Facts matter: Sign up for the free Mother Jones Daily newsletter. Support our nonprofit reporting. Subscribe to our print magazine.


Our story so far: On June 22nd, Greece proposed an austerity package of spending cuts and tax increases worth about €8 billion over two years. European leaders called it a credible proposal, the first they had ever seen from Greece. By June 24th, they had changed their tune. They were roughly OK with the €8 billion figure, but didn’t like the Greek tax and spending plans for getting there. Later in the day, the Europeans responded by making substantial changes to the Greek proposal and sending back a heavily red-lined revision.

The Greek prime minister, Alexis Tsipras, was apoplectic, arguing that what mattered was meeting the deficit target, not meeting it in specific ways. “This odd stance seems to indicate that either there is no interest in an agreement or that special interests are being backed,” he said. Two days later he abandoned the talks and called a referendum on the European proposal. Last Sunday the Greek population overwhelmingly rejected the European plan 61-38 percent.

So how did that work out for Greece? Not so well:

Under a 10-page blueprint completed late Thursday, the country said it would undertake austerity measures worth between 12 billion and 13 billion euros ($13 billion to $14 billion), including raising taxes on cafes, bars and restaurants.

The amount is significantly higher than the package of cuts that Greek voters rejected in a hastily called referendum on the bailout Sunday. But nearly two weeks of a banking shutdown that has brought the economy to a virtual standstill have left this Mediterranean nation with few other options to avoid sliding into bankruptcy.

The Greek blueprint for pension cuts and VAT increases is essentially copied word-for-word from the June 24 European proposal. There may still be sticking points elsewhere (I haven’t done an exhaustive line-by-line comparison of the two documents), but VAT and pensions were always the key areas of difference. Combine those concessions with the higher deficit target in the new blueprint and Greece hasn’t just caved in to the Europeans, it’s all but prostrated itself and begged not to be kicked out of the eurozone.

Or so it seems. There’s always the possibility of gotchas hidden away in a stray word or two. But at a first glance, it looks like total capitulation. Two weeks of bank closings and import stoppages has given the Greeks a vivid taste of what life would be like if Europe forced it to abandon the euro—as it seemed they were all too willing to do—and that short taste was quite enough, thank you very much. Viewed through that lens, apparently another few years of German-enforced austerity didn’t look so bad after all.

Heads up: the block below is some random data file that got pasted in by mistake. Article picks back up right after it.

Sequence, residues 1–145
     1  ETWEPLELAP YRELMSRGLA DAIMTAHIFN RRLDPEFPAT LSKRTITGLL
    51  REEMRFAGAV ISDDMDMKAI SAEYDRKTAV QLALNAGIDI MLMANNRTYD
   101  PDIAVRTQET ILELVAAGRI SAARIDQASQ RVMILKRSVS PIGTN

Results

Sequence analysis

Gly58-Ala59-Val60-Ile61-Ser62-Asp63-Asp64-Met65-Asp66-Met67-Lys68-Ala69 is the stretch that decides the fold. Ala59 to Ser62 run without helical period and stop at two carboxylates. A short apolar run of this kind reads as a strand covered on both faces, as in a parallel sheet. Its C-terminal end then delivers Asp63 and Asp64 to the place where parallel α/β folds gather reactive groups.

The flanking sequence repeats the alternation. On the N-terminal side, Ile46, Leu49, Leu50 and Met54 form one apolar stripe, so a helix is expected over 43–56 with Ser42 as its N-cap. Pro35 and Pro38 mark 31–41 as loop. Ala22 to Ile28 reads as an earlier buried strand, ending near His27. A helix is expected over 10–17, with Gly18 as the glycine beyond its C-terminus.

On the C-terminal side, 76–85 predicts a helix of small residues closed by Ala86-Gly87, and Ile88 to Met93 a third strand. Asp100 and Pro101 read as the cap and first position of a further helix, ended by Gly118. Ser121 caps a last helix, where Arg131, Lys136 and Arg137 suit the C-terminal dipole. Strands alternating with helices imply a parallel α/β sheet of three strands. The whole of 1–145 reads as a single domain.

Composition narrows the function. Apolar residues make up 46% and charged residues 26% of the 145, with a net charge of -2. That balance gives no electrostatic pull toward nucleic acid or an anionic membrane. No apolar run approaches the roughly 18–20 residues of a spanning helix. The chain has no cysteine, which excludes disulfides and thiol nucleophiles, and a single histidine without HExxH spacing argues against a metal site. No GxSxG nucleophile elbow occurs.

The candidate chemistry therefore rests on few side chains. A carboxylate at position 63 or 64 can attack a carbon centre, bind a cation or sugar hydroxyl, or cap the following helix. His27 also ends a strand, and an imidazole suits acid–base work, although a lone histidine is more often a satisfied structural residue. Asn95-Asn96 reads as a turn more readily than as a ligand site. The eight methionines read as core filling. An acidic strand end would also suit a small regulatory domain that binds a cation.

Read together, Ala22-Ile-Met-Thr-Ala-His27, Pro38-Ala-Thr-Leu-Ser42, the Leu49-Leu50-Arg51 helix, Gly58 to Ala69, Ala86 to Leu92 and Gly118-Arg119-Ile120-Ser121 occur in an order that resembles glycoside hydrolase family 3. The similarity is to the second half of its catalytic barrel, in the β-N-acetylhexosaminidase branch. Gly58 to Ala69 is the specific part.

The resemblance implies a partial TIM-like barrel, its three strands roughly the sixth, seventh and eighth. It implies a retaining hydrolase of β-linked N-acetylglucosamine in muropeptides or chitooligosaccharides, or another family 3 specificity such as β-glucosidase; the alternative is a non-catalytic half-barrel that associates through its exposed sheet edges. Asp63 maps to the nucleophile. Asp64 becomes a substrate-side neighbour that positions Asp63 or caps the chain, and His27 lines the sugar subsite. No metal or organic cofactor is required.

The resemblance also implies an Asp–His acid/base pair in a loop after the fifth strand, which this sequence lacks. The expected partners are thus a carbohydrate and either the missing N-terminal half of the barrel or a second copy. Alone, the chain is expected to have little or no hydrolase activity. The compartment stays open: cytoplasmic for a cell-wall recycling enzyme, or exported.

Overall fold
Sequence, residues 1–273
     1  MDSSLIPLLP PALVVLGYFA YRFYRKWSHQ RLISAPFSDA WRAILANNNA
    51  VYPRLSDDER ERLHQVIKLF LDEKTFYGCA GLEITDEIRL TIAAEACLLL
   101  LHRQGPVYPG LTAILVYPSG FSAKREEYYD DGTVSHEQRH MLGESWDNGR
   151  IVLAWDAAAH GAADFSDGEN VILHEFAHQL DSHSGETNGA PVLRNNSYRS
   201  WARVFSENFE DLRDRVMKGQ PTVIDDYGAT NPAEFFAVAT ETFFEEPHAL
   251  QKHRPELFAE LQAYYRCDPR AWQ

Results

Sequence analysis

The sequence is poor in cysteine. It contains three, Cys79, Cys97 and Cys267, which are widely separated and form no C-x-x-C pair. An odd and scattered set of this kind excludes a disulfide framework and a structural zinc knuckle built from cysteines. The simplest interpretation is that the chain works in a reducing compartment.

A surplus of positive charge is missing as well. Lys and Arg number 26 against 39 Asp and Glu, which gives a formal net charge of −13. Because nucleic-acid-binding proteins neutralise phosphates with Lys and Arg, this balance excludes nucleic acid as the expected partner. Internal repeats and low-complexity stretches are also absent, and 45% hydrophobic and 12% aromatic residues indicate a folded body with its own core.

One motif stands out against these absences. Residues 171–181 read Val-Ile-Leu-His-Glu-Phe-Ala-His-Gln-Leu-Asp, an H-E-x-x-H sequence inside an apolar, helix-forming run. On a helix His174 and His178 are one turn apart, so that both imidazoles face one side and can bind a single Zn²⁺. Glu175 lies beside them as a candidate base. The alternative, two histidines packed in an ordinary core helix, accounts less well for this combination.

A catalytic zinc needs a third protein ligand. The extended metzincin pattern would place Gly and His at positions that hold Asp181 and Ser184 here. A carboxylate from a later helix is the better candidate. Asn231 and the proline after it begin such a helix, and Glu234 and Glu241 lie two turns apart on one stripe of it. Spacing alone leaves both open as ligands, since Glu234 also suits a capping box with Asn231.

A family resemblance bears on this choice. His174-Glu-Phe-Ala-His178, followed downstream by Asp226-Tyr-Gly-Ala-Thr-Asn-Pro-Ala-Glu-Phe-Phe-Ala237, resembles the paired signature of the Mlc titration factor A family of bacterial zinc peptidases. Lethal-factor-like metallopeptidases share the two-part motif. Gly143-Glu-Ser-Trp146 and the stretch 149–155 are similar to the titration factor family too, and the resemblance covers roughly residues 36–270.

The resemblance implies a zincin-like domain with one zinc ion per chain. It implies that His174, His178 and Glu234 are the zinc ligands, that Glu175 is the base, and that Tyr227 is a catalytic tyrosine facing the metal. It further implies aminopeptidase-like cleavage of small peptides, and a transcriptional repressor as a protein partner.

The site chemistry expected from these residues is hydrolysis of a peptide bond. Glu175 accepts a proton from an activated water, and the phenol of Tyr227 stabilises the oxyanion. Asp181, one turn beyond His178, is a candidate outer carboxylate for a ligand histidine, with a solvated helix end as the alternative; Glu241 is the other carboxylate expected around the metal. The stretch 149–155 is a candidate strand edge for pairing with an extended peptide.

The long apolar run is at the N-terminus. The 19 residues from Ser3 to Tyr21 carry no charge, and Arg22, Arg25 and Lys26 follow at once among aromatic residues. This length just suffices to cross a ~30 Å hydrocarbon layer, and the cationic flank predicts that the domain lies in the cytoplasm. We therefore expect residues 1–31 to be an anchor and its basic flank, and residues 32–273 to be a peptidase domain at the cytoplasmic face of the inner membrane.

REAL QUICK, REAL URGENT

Minority rule, corruption, disinformation, attacks on those who dare tell the truth: There is a direct line from what's happening in Russia and Ukraine to what's happening here at home. And that's what MoJo's Monika Bauerlein writes about in "Their Fight Is Our Fight" to unpack the information war we find ourselves in and share a few examples to show why the power of independent, reader-supported journalism is such a threat to authoritarians.

Corrupt leaders the world over can (and will) try to shut down the truth, but when the truth has millions of people on its side, you can't keep it down for good. And there's no more powerful or urgent argument for your support of Mother Jones' journalism right now than that. We need to raise about $450,000 to hit our online fundraising budget in these next few months, so please read more from Monika and pitch in if you can.

payment methods

REAL QUICK, REAL URGENT

Minority rule, corruption, disinformation, attacks on those who dare tell the truth: There is a direct line from what's happening in Russia and Ukraine to what's happening here at home. And that's what MoJo's Monika Bauerlein writes about in "Their Fight Is Our Fight" to unpack the information war we find ourselves in and share a few examples to show why the power of independent, reader-supported journalism is such a threat to authoritarians.

Corrupt leaders the world over can (and will) try to shut down the truth, but when the truth has millions of people on its side, you can't keep it down for good. And there's no more powerful or urgent argument for your support of Mother Jones' journalism right now than that. We need to raise about $450,000 to hit our online fundraising budget in these next few months, so please read more from Monika and pitch in if you can.

payment methods

We Recommend

Latest

Sign up for our free newsletter

Subscribe to the Mother Jones Daily to have our top stories delivered directly to your inbox.

Get our award-winning magazine

Save big on a full year of investigations, ideas, and insights.

Subscribe

Support our journalism

Help Mother Jones' reporters dig deep with a tax-deductible donation.

Donate